Today is also the invocation of a historical event which reflects once again Divine infinite love and human shortcoming. Following His resurrection, our Lord Jesus Christ appeared first to Mary Magdalene, then to two disciples on their way to Emmaus (Lk 23:15), and the same evening to the ten Apostles, who were gathered in the Upper Room (Jn 20:19). Thomas was deprived of this privilege for he was absent from this gathering. Hence upon his return when the Apostles told him about the appearance of their Master, sarcastically he replies, “Unless I see the mark of the nails in his hands, and put my finger in the mark of the nails and my hand in his side, I will not believe” (Jn 20:25). What a horrendous expression! We don’t know if the Only Begotten Son of God suffered more from His Chosen one’s disbelief than the pain of the soldiers who nailed his hands and pierced his side? That’s another mystery that only the Holy Spirt knows, “for the Holy Spirit searches everything, even the depths of God” (I Cor 2:10). For the time being let’s continue our reading of the Gospel of St. John.

His Eminence Archbishop Anoushavan and the Religious and Executive Councils express heartfelt sympathy on the passing of Yeretzgin Armenouhi Vertanesian (née Katmarian) who passed away on April 23, in Hamden, Massachusetts. 

Yeretzgin Armenouhi Vertanesian was born in 1926 in Latakia, Syria, to Stepanos and Zarouhi (Levonian) Katmarian, who were survivors of the deportations from Keutahia and Aintab during the genocide of 1915.

She was predeceased by her husband Rev. Arch. Sahag Vertanesian. Armenouhi was a teacher in the Armenian school when she met her husband, who was also a teacher at the time. They were married and had three daughters: Maro, Nora and Dzovig. They lived in Cyprus and then moved to the United States. Her husband was ordained a priest in the Armenian Apostolic Church in 1963 and they served the communities of Whitinsville, Massachusetts, Chicago, Illinois, Washington D.C. metropolitan area, and North Andover, Massachusetts, retiring in Springfield, Massachusetts. Armenouhi was always supportive of her husband in the church communities, especially sharing her Armenian cuisine specialties and knowledge of culture. She was a girl scout leader in her early years and a lifetime member of the Armenian Relief Society, as her mother was, and very active in the church.

Yeretzgin Armenouhi Vertanesian is survived by daughters Maro and Jacques Nalbandian, Nora and Taniel Varoujan Santourian, Dzovig and Brian Peterkin Vertanesian, grandchildren, nieces, and nephews, as well as siblings in different countries.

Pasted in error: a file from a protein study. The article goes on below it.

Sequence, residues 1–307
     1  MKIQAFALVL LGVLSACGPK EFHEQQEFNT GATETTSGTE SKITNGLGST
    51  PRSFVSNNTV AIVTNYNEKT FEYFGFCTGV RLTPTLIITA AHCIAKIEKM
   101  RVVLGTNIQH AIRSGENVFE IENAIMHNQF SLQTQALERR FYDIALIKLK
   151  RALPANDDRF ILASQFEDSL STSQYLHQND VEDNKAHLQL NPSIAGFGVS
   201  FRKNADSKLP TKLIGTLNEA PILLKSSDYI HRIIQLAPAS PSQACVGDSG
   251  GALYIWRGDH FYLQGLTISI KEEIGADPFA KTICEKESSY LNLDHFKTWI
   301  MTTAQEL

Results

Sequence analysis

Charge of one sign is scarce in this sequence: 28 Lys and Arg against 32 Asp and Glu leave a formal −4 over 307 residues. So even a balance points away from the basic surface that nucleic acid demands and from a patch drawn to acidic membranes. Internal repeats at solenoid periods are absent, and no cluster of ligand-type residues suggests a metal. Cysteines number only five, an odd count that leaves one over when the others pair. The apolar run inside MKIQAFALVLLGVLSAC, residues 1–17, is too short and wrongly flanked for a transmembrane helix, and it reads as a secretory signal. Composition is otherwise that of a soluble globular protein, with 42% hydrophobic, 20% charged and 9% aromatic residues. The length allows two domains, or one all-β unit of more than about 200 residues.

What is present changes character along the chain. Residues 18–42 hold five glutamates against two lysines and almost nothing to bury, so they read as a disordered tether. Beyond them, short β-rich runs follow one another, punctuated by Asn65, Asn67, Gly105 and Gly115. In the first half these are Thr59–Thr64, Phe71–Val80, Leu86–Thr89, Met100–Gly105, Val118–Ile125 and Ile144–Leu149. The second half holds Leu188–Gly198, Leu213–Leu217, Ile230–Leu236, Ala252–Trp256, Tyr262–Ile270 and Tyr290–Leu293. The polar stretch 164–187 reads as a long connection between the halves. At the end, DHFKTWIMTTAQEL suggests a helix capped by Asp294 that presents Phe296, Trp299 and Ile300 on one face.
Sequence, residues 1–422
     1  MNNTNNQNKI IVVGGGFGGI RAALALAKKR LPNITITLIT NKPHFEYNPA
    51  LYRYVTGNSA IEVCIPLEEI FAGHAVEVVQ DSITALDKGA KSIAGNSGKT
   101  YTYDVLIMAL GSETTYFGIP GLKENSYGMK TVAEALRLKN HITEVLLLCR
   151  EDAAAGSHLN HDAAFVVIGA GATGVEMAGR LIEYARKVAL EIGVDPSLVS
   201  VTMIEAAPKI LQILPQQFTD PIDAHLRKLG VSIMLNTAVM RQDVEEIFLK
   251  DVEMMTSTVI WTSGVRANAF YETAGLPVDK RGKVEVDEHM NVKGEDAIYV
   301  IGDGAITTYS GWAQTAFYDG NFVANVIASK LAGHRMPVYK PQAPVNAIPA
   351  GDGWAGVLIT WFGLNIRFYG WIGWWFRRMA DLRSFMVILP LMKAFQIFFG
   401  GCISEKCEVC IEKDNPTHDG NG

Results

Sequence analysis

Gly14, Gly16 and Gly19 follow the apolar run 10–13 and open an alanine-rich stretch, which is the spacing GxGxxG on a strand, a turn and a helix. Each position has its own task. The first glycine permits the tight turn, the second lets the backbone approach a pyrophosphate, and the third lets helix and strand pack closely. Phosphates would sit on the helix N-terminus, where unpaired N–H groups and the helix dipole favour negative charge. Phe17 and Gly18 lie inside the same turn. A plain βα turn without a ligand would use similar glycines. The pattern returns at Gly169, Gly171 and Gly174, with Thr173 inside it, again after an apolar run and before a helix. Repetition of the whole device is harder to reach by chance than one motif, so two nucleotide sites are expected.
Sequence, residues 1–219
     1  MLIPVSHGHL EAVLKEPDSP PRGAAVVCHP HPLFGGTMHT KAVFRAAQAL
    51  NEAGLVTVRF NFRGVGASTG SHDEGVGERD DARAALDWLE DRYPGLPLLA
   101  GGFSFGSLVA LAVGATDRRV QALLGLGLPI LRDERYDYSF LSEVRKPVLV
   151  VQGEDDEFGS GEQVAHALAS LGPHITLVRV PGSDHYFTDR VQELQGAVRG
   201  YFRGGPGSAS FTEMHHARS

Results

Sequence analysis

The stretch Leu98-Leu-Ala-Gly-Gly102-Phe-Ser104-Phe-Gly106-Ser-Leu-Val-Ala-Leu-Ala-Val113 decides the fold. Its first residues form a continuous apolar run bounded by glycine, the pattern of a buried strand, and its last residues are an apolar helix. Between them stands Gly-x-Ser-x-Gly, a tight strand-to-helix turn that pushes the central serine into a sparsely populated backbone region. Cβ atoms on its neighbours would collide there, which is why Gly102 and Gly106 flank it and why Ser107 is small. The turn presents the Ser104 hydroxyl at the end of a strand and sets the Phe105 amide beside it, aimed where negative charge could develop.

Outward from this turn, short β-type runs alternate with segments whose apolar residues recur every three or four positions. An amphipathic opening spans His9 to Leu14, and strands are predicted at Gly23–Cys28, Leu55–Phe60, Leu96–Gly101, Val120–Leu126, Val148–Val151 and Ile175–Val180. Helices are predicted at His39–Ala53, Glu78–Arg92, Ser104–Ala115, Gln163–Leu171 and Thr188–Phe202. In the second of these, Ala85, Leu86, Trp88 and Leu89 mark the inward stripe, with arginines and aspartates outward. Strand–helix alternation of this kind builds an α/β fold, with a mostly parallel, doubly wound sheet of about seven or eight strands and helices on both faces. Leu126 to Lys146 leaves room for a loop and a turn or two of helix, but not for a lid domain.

The funeral will be private. In lieu of flowers, donations can be sent to the Armenia Tree Project, the Armenian Relief Society, or to the church of one’s choice.

We extend condolences to her loving children, grandchildren, and other family members. May our risen Lord bless her righteous memory. Asdvatz hokeen lousavoreh.

The Armenian Prelacy has learned with sorrow of the untimely passing of Dr. Rouben Shougarian on Monday, April 20, at the age of 58. Dr. Shougarian was best known for his role as a well-respected diplomat. Born in 1962, he pursued higher education at Yerevan Brusov State Pedagogical University of Russian and Foreign Languages and at Yerevan State University. He served as the first ambassador of Armenia to the United States (1993-1999) and oversaw the opening of the embassy in Washington, D.C. He went on to become Deputy Foreign Minister (1999-2005) and then returned to active diplomatic service as ambassador to Italy, Spain, and Portugal (2005-2008). After 2008 he began to teach at the Fletcher School of Law and Diplomacy at Tufts University, where he was part of the Tavitian Scholars Program in Public Policy and Administration.

Dr. Shougarian authored West of Eden, East of the Chessboard: Four Philosophical Looks Upon the Unknown that encompassed his views on culture, literature, and an analysis of the social perceptions shaping the Nagorno-Karabakh conflict. He also wrote Does Armenia Need a Foreign Policy? (2016). He was married to pianist Lilit Karapetyan-Shugaryan and had three children.

Armenia’s President Armen Sarkissian and Prime Minister Nikol Pashinyan mourned Shugaryan’s passing. In a statement, President Sarkissian noted: “A descendent of the family of intellectuals in many generations, an accomplished and refined individual, he left his unforgettable footprint in the history of the Third Republic of Armenia.” Prime Minister Pashinyan wrote on Twitter: “Mr. Shugaryan embodied the best attributes of an intellectual, with a broad worldview, active civic commitment and patriotism.”

A Note about the Readings : Beginning Monday (April 20) and continuing until Pentecost (May 31) each day the four Gospels are read in the following order: 1) Morning—Luke; 2) Midday—John; 3) Evening—Matthew; 4) Evening dismissal—Mark. By Pentecost the four gospels are read up to the passion.
Bible readings for Sunday, April 26 , Sunday of the World Church (Green Sunday) are: (1) Luke 6:12-49 ; (2) Acts 9:23-31; 1 Peter 2:1-10; John 2:23-3:12; (3) Matthew 8:18-9:8; (4) Mark 3:6-12.
1 Peter 2:1-10
Rid yourselves, therefore, of all malice, and all guile, insincerity, envy, and all slander. Like newborn infants, long for the pure, spiritual milk, so that by it you may grow into salvation—if indeed you have tasted that the Lord is good.
Come to him, a living stone, though rejected by mortals yet chosen and precious in God’s sight, and like living stones, let yourselves be built into a spiritual house, to be a holy priesthood, to offer spiritual sacrifices acceptable to God through Jesus Christ. For it stands in scripture: “See, I am laying in Zion a stone, a cornerstone chosen and precious; and whoever believes in him will not be put to shame.” To you then who believe, he is precious; but for those who do not believe, “The stone that the builders rejected has become the very head of the corner,” and “A stone that makes them stumble, and a rock that makes them fall.” They stumble because they disobey the word, as they were destined to do.